by Richard Friedman
The design and construction industry heads into 2023 with a lot of questions. How deep and wide will the decline be in housing? Can the commercial rebound sustain? How will government programs such as the new infrastructure and climate change laws affect the industry? Here’s a glimpse at the outlook for some key markets.
The National Association of Home Builders (NAHB)/Wells Fargo Housing Market Index stood at a near-record-high level of 83 in January 2022, but dropped as the year went on. In November, the index – derived from a survey of NAHB members rating conditions for new single-family home sales – plummeted to 33, its lowest level in over 10 years.
Multifamily properties, on the other hand, have not seen such a drastic decline. The NAHB’s Multifamily Production Index slid noticeably in the third quarter of 2022, but this was largely due to a hit in the for-sale (condo) sector. The Census Bureau’s figures on permits showed only a minor reduction nationally for multifamily from September to October (the latest figures available), but a year-over-year gain of 11.2%.
Fannie Mae predicts that the housing market will bottom out in the second quarter of 2023, with a much stronger 2024, as mortgage rates and supply both fall.
Census Bureau data on construction put in place notes that year-over-year figures for commercial markets, office buildings and hospitality all improved. Value for the commercial market, which includes restaurants and retail, rose 22.4% year over year. Lodging was up 16.1%, and office ticked up 0.7%.
“Emerging Trends in Real Estate 2023,” a joint publication of PWC and the Urban Land Institute, said “there is a general sense of wary optimism” around the commercial markets. The American Institute of Architects (AIA) Construction Consensus Forecast projects a 13.8% growth rate for hotels, 3.5% for offices and 3.2% for retail and other commercial in 2023.
Public-sector projects will benefit from the Infrastructure Investment and Jobs Act (IIJA), and also from support at the ballot box. In the midterm elections, nearly every ballot question seeking infrastructure funding passed.
In PSMJ Resources’ Quarterly Market Forecast (QMF) survey of proposal activity in the 3rd Quarter, the two leading major markets among 12 surveyed were water/wastewater and transportation. Of the top 10 submarkets (of 58), four were from water/wastewater and three were from transportation.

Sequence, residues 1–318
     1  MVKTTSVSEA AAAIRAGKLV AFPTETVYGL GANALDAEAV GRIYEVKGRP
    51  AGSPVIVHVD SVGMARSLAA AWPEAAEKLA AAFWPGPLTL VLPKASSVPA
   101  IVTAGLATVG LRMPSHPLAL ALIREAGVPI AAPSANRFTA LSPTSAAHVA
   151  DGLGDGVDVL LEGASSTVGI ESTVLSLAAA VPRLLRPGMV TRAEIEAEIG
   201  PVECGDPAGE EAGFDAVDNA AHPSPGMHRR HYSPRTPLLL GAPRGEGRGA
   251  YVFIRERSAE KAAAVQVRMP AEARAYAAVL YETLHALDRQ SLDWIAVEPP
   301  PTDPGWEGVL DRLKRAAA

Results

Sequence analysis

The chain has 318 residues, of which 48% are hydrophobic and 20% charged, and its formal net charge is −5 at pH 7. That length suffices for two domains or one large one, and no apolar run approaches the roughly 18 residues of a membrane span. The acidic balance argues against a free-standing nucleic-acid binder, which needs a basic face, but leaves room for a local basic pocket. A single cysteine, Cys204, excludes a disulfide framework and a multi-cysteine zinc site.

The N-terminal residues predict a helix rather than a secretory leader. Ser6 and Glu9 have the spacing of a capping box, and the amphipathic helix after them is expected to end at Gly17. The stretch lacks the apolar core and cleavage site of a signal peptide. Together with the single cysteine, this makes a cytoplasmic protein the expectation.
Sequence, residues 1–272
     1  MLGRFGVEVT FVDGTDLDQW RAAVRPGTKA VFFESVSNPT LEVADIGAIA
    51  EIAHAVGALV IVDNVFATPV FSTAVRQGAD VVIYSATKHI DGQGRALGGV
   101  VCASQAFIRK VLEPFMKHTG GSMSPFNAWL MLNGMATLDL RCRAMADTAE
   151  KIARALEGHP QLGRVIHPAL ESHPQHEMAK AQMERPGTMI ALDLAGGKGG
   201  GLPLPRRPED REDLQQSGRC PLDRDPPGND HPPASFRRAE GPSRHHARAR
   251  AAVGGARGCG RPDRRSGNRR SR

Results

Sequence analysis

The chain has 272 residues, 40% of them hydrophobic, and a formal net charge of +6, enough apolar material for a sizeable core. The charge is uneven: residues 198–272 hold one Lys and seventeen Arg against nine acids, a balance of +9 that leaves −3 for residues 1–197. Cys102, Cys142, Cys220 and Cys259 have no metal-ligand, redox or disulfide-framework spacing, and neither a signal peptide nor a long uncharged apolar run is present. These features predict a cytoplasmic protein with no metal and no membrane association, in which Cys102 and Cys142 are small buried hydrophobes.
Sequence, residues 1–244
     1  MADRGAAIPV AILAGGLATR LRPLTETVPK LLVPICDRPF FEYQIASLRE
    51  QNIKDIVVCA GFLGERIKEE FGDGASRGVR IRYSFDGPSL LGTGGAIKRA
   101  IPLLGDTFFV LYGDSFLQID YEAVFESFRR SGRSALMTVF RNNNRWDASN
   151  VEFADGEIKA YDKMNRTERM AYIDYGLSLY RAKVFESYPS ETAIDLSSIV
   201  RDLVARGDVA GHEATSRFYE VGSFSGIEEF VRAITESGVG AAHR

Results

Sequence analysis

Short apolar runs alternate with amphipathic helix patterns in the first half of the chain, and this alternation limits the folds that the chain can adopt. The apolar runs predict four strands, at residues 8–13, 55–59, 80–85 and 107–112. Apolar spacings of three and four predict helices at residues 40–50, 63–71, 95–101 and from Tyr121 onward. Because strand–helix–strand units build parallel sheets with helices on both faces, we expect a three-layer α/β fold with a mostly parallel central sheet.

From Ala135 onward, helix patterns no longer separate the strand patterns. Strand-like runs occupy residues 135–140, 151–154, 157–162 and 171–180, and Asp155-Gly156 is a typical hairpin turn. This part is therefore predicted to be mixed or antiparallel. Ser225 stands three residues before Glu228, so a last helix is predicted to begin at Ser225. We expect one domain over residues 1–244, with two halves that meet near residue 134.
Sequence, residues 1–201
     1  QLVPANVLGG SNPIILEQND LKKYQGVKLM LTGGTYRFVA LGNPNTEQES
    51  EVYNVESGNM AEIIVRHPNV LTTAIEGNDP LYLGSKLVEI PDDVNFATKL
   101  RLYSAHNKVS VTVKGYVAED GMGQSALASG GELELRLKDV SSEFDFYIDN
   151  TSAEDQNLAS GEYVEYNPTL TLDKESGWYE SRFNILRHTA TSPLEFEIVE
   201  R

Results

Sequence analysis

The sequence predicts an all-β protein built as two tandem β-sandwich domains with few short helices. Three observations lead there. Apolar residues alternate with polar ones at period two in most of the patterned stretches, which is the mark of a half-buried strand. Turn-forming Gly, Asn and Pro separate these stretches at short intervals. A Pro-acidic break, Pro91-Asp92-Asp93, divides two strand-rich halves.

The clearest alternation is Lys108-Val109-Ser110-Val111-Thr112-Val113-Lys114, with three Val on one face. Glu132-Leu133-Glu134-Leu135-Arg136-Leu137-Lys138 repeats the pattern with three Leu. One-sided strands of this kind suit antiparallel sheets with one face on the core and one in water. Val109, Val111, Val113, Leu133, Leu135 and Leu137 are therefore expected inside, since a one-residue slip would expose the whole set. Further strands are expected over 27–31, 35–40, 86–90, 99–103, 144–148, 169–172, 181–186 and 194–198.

Also in the PSMJ QMF survey, Renewable Energy has been the leading submarket throughout 2022. In the third quarter survey, 73% of respondents working in renewables said that proposal activity grew from the second quarter, while only 3% said it declined.
In the PSMJ survey, education lagged along with commercial markets throughout most of 2021 before bouncing back to more-than-respectable levels in 2022. The AIA Consensus survey anticipates a decent growth rate of 5.2% for educational projects in 2023.
The COVID-19 pandemic initially created some uncertainty in the healthcare market, but the interruption was brief. The AIA Consensus forecast projects 5.7% growth for healthcare in 2023, while the PSMJ QMF had it the fourth-strongest major market in the third quarter.
Growth in manufacturing facilities, potentially bolstered by the CHIPS and Science Act of 2022, appears solid in 2023. This follows a year-to-date (through October) in which value of construction put in place grew by 43.3% year-over-year, and 7.6% quarter over quarter.
The AIA projects public safety construction to grow by 5.5% in 2023, with Moody’s Analytics and Dodge Construction Network both calling for a rise of better than 10%.
Richard Friedman is founder and president of Friedman & Partners, a management consultancy to the AEC industry.